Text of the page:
Entrepreneurs Are Losers

    By | Small Business

    “No one wants to do business with a loser,” I concluded a decade ago as I tried to rebuild from my financial collapse. Once you’ve crashed and burned with one business, why would anybody agree to get in a new cockpit with you?

    Well, maybe because this time you’ll soar.2015-08-24-1440443960-6971381-Jorge1.jpg

    Small businesses fail every day. According to Bloomberg, about four out of five small businesses collapse within their first 18 months. From the cupcake store in the boutique district to software ventures, the carcasses of failed dreams pile up all around us.

    Crazily enough, we go on. Tales abound of big businesses that are built on the rubble of earlier failures. One of the best known is Microsoft, the giant that Bill Gates and Paul Allen founded after their little traffic-engineering company, Traf-O-Data, ran into a dead end because there was no market for the paid product when states were churning out traffic data for free.

    Gates and Allen were young guys then, undaunted by the setback, and went on to try again. Traf-O-Data, Paul Allen has said, “was seminal in preparing us to make Microsoft’s first product a couple of years later.”

    They’re not the only ones. Countless entrepreneurs have hit roadblocks in their path, only to later try other roads — sometimes attempting several before finding one that leads to success.

    It’s that gap, the period after failure and before any other success — if there is any — that I explored at Failure:Lab in Pittsburgh in June. It’s what Failure:Lab is all about: people tell the story of their darkest time, their most abysmal failure, without pivoting over to a happy ending.

    And that’s important, because at that moment of failure, and often for a long time after, there’s no guarantee that success is waiting somewhere out ahead. You’re just a failure.

    In my Failure:Lab talk, I took the audience through the run-up to my life-altering failure. I started out as a small-time real investor, buying a four-apartment building near where I grew up in Southern California. Over a dozen years, I went bigger and bigger. Eventually, I acquired Woodland Meadows, a 1,100-unit apartment complex in Columbus, Ohio that was one of the nation’s largest. The property was nicknamed Uzi Alley in acknowledgment of the gangs and violence that permeated the place.

    I relished the challenge and set out to transform Woodland Meadows. I provided job training to residents, including gang members and drug dealers. They received paying jobs on Woodland Meadows’ contractor crews, office team and community patrol. Former troublemakers transformed themselves into assets. Woodland Meadows did the same, metamorphosing into a thriving community. For a short period, Woodland Meadows was an extraordinary success.

    Sadly, the largest Federally-declared disaster in Ohio history devastated the property just months after the turnaround was complete. An ice storm triggered an implausible series of events which climaxed in my catastrophic failure: over 18 months, I went from owning 4,000 apartment units and a net worth in the tens of millions to losing everything and owing over $26 million in debt I could not pay. I was crushed.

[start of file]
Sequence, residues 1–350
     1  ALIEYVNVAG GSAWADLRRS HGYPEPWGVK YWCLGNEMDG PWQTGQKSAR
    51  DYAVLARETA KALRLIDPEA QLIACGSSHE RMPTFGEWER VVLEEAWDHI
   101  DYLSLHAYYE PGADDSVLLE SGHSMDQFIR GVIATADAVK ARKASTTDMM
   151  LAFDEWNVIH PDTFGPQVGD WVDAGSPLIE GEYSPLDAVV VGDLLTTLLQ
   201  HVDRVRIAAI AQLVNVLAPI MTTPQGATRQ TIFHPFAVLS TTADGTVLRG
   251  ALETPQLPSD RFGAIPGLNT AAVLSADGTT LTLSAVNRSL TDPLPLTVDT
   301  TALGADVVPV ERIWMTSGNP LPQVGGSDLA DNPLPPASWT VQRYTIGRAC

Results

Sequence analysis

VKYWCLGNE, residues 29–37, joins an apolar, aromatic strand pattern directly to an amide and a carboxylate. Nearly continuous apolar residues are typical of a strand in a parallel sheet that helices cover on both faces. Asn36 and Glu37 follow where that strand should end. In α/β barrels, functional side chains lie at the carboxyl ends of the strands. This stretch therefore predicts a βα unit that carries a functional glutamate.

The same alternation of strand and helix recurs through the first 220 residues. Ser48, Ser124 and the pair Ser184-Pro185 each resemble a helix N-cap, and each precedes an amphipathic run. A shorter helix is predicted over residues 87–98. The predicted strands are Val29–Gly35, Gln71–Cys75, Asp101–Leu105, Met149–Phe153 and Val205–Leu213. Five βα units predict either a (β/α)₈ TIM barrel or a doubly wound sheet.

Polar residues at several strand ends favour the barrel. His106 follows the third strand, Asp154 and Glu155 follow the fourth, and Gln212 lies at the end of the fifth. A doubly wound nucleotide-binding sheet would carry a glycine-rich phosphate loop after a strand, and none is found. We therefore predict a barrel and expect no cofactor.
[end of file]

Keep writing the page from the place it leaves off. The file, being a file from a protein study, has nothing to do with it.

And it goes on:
I emerged financially gutted with millions in judgments, wrecked credit, and my personal character assassinated: I was arrested, newspapers reported that felony charges were planned against me, and government officials labeled me “schemer” and Woodland Meadows “Public Enemy No. 1.” These became the scarlet letter that I wore as I tried to re-start my career. I’d find great projects, generate interest from investors, and be ready for liftoff again when I’d get the phone call: “Tell us about Woodland Meadows,” which was a way of saying, we checked your background and there’s this huge black mark on it.

    Ultimately it worked out. I found my way back into business and run a thriving venture now. But I didn’t know then, when a series of potential partners turned me down, how I’d ever come back from failure.

    How many other entrepreneurs have been there? I’m not finding numbers, but I have a strong feeling that entrepreneurs, who by their very nature have a high tolerance for risk, often end up somewhere over the line, after one risk or another goes foul. Do they fall into depression, alcoholism, suicidal impulses? Surely some do.

    Others go through stages of grief, first denying, then gradually accepting the situation and finding a way through it. While having a business die isn’t on the same scale as having a loved one die, it engenders similar emotions. I thought you would always be here, what will I do without you, why did it have to be you and not somebody else?

    Failure:Lab talks end at the failure. There’s no “But then” moment, where the speaker describes a later triumph over previous adversity. It’s just the adversity and nothing more.

    In 1951, Alan Watts wrote The Wisdom of Insecurity, which describes how self-sufficiency often comes from not having something solid or reliable — of being insecure in that sense. It’s in having nothing, or having lost everything, that people find their way back to something. The same idea exists among recovered alcoholics and other substance abusers: addicts often won’t begin to consider recovery until they’ve lost everything: family, home, job, friends.

    Failure happens. We start businesses, marriages, marathons — and they don’t always last.

    But the next one might. That’s why we losers go on and try again.

    This article was syndicated from Business 2 Community: Entrepreneurs Are Losers

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